yup. I like the new bldg. Now if only the other blds you mentioned would go as well…same with the Corner Inn. buh-bye.

  • Chris July 25, 2008 (11:23 am)

    I Have lived in West Seattle for 30 of the last 45 years. Most recently 49th Graham area. TamiWS, GRR and viaALKI are right on. I have very fond memories going to the meat market with my Grandmother. But that was due to the people. I don’t have any sentiment over a building that could only sustain limited business types due to older infrastructure and systems. I hope the martial arts studio found a new home, but there could be much better utilization here. I agree that this is a step in the right direction. No design will please everyone. This one, if you look closely, has the potential to at least have its own type of character. Maybe 80 years from now a group will lament the replacement of THIS building?

  • mark July 25, 2008 (2:18 pm)

    Do you think the developers of this property are going to give a fat rat’s behind about the discarded beer cans, messy sidewalks, non-maintained trees etc… after they have come in and made their money? I doubt it.

    Some of us second and third generation West Seattleites do have “misplaced sentimentalism” but I would give up all the so-called progress in a heartbeat to have my friendly, uncrowded town back, but since there is no end in sight to the “lovely” townhouses and live/work spaces mushrooming up in West Seattle, my pipe dream will have to remain just that.

  • grr July 25, 2008 (11:13 pm) could always move to Orting.


  • MissKayJ July 28, 2008 (10:33 am)

    I guess I wasn’t very clear. While I do have fond memories of the building, I also agree that it could be better utilized and does need major renovations to bring it back to a beautiful, functional state. My thought was that perhaps the design board could go more the route that the designers of 3811 California Ave. took. Maintaining the beauty and neighborhood quality of the building while still expanding to fit their needs. I have lived in and around Chicago for the past decade and they do a lovely job maintaining and reusing their historic buildings. I think the new building is ugly and does not do a good job of tying into the surrounding neighborhood and drawing you in to shop at all. Maybe I’m old fashioned, but I just don’t see the beauty of the new building at all.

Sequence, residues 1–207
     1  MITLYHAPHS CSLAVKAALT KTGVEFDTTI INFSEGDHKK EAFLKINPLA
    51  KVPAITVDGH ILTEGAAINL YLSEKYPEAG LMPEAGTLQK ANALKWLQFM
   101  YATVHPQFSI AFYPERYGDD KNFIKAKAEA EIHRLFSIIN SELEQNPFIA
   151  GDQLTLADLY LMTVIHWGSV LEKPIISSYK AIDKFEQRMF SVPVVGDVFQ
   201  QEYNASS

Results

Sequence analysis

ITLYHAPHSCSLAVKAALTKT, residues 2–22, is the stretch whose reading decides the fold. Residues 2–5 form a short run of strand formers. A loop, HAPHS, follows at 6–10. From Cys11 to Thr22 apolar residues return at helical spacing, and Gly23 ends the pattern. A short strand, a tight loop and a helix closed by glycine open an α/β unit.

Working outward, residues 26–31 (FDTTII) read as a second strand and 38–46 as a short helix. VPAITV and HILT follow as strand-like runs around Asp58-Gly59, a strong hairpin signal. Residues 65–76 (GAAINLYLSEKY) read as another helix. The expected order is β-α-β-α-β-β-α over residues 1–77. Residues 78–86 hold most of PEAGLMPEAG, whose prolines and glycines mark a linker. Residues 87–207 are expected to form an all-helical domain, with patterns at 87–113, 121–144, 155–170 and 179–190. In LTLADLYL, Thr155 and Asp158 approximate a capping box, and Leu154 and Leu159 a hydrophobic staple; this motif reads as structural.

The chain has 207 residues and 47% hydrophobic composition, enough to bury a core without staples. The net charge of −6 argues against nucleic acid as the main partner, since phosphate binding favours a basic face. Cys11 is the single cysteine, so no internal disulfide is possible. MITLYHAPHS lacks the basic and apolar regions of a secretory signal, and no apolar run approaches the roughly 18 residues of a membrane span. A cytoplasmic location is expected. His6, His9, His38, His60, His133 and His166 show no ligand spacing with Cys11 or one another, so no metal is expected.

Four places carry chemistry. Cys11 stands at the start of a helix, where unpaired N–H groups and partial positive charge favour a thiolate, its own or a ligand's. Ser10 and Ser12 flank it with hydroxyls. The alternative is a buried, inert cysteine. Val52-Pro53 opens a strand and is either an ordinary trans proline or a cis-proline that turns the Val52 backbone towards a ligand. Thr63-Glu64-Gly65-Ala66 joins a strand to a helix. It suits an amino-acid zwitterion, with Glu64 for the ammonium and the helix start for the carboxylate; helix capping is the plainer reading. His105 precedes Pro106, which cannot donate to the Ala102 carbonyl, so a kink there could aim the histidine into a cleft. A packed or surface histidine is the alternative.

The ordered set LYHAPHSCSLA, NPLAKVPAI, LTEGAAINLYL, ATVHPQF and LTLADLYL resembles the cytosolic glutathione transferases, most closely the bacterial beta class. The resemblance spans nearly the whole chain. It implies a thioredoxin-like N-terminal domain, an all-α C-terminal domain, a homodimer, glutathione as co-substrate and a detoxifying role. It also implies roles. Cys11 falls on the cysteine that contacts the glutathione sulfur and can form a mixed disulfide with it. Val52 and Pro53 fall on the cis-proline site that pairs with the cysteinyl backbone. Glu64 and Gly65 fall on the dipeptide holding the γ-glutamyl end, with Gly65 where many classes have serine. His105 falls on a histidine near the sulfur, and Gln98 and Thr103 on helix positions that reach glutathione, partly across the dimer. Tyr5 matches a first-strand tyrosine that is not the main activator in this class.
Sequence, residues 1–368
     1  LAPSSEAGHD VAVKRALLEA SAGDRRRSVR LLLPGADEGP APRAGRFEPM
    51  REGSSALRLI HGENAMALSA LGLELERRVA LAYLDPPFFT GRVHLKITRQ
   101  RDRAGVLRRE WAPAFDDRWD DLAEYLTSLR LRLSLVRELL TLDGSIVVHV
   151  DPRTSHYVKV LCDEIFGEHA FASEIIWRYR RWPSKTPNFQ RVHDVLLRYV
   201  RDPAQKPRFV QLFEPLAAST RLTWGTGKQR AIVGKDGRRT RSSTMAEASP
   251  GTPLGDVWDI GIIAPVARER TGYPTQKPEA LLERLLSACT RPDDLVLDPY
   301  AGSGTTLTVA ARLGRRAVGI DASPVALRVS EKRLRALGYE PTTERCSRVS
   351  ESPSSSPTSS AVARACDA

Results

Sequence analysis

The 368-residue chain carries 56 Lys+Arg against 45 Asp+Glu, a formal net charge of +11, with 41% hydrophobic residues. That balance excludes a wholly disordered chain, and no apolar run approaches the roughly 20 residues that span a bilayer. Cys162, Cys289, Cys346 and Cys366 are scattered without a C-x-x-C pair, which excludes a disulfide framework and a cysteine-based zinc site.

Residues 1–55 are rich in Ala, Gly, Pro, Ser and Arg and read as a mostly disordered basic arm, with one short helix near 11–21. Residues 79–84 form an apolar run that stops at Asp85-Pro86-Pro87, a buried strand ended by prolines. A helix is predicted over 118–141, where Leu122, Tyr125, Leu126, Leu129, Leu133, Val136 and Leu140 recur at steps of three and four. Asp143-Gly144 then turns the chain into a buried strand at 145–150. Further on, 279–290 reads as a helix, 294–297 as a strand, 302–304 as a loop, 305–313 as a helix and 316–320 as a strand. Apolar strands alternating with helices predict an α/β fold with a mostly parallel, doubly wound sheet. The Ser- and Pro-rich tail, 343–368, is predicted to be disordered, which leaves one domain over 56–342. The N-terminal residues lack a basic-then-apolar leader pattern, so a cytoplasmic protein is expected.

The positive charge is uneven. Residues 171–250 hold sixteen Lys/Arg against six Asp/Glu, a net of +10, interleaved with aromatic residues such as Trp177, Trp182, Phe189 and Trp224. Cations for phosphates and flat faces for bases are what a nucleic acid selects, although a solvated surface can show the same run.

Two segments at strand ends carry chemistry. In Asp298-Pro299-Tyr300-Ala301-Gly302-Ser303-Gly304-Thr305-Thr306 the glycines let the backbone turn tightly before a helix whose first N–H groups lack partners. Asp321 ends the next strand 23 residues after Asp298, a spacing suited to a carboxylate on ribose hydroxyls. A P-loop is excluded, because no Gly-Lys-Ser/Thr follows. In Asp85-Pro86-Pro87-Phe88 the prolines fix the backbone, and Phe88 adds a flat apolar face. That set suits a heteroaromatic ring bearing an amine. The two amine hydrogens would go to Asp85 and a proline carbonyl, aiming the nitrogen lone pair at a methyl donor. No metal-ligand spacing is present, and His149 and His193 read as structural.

• average joe July 28, 2008 (2:10 pm)

    oh look! another absolutely HORRIBLE building by the West Seattle Architects.

    Meghan…(post above) you can’t be serious, can you?

  • BadBrain August 19, 2008 (4:46 pm)

    This white building with it’s “wanted-to-be-but-couldn’t-do-it” roof line and non-descript openings (and non-openings for that matter) is an eyesore and not a landmark. To this day, after more than 10 years in this country, I wonder what people call “historic” around here. Granted most buildings here are only a few decades old and therefore there isn’t anything else to identify with rather than an old, white garage – but “Spanish Mission”? Just because someone in 1924 came up with an arched parapet? Oh brother. Let’s move on to help changing this retirement home and hippie center called West Seattle to a vibrant and meaningful part of Seattle. This new proposed development is one step in this direction and “Meghan” hit exactly the point above…